The death of fax
Lawyers have been one of the last holdouts using fax machines. Part of that was simply the Rules of Civil Procedure, which made very specific provision for service by fax, and a fax confirmation sheet was good enough for the court that something had indeed been sent. Service by email, however, used to require a court order, or require the consent or the active confirmation of the recipient, something that many lawyers or their staffs declined to — or did not bother to — provide. As one might imagine, when given the choice between “binding proof that they got it” and “they got it, but don’t have to admit that they got it” lawyers naturally chose the better option.
Well, faxes are dead on the stroke of midnight on New Year, 2021.
As of January 1, 2021 all of the provisions in the Rules of Civil Procedure regarding faxes are gone and service by fax will no longer be provided for. All of the provisions regarding service by fax will now be service by email, and the old requirement for consent or confirmation will be disposed of. Email will be the electronic default setting, rather than the grudging and problematic option.
There is one exception to the removal of fax provisions: confirmation forms. For motions and applications lawyers have have to send a confirmation form no later than 1400h three days before the hearing date (four days if there is a holiday within those three days). If they don’t, the matter doesn’t get listed, they lose that date and have to go through the time and delay and expense of setting a new return date. That hasn’t changed, lawyers still have to confirm, and confirmation to the court [but not to the other lawyer] can still be by fax. (Lawyers can also confirm to the court by email.) That fax vestigial option will probably stay that way until fax machines become rare oddities in law offices and there is no point to retaining the technology in courthouses. (Sort of like typewriters did, staying — unused — in offices for years after everything had gone to word processing.) When that happens the Rules will no doubt be amended to remove that last mention of fax machines.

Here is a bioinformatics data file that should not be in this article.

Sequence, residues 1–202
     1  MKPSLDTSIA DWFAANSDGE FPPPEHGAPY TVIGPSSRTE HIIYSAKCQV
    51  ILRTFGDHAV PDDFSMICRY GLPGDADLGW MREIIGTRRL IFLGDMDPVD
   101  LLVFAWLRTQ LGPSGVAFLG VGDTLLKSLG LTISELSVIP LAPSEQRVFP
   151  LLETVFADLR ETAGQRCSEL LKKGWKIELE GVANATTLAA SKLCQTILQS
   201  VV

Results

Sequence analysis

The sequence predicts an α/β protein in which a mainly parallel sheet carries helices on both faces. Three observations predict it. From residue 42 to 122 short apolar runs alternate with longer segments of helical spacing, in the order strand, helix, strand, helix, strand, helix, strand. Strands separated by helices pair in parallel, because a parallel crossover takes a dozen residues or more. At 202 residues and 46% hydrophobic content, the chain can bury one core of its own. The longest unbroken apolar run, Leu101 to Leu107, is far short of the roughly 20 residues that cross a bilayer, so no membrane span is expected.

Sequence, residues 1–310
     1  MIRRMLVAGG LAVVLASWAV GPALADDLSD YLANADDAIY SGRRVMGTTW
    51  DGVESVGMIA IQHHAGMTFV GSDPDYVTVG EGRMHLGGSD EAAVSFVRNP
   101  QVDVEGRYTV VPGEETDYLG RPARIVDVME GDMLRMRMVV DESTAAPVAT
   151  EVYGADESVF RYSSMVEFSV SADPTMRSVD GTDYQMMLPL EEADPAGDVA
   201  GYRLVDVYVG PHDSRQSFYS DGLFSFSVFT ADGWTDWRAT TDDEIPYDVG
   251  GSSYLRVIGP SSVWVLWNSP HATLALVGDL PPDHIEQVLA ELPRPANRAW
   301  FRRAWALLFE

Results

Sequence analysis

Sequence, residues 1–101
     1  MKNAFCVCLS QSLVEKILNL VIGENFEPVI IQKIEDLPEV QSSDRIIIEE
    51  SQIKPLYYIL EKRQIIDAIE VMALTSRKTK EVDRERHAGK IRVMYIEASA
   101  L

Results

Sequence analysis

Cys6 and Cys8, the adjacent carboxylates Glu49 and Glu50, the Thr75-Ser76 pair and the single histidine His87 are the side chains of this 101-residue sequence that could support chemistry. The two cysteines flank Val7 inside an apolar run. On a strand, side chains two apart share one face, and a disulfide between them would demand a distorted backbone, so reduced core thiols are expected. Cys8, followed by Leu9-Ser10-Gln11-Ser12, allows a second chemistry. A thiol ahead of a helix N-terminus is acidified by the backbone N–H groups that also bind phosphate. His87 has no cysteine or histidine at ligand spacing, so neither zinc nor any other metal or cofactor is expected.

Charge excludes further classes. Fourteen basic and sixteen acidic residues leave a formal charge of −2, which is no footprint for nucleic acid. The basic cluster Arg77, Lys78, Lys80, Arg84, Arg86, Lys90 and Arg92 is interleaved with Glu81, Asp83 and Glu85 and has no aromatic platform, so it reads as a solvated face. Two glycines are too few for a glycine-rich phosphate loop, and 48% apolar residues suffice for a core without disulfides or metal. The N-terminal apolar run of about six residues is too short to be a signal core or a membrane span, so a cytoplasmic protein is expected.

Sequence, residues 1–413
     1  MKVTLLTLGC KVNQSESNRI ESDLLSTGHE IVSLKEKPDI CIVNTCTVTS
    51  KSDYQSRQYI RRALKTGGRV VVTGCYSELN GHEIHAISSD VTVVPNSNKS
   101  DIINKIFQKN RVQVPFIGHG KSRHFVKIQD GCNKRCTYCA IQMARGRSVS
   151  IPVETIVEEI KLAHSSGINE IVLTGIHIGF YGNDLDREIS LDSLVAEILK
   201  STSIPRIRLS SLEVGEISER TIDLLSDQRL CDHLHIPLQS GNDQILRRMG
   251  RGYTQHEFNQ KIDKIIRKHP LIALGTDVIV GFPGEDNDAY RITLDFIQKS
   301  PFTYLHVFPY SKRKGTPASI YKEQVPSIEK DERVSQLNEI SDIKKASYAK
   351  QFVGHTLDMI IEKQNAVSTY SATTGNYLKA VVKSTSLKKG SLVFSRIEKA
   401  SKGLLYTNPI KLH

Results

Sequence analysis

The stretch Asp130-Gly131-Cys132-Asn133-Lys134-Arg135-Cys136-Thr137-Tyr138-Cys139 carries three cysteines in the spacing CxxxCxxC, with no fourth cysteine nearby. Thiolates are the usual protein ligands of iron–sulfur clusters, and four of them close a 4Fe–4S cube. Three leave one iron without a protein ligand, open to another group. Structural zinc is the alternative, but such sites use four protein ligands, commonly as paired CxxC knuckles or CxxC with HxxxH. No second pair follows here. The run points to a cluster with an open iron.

What does this mean for lawyers? Well, for a start lawyers can, if they want, get rid of their fax lines and fax machines at 0001h on January 1, 2021. That will save them whatever they pay for telephone lines and/or efax services, which for even a small office can be hundreds of dollars a year.
Note that I said “if they want”. They won’t. Lawyers are an inherently cautious bunch for the most part, Most will probably do what I plan to do: hang on to the service(s) for about a year or so, just to be sure that they don’t need it any more, and permit time for the word to get around. (Our website has not had a fax contact number for many years now, so that need not be changed.)
When and only when we’re sure — to a lawyer’s definition of “certain” — that we can safely do without faxes will we lawyers will send our fax machines to wherever we sent the typewriters, and yet another once-new-and-cool technology will move into the “Remember When?” category.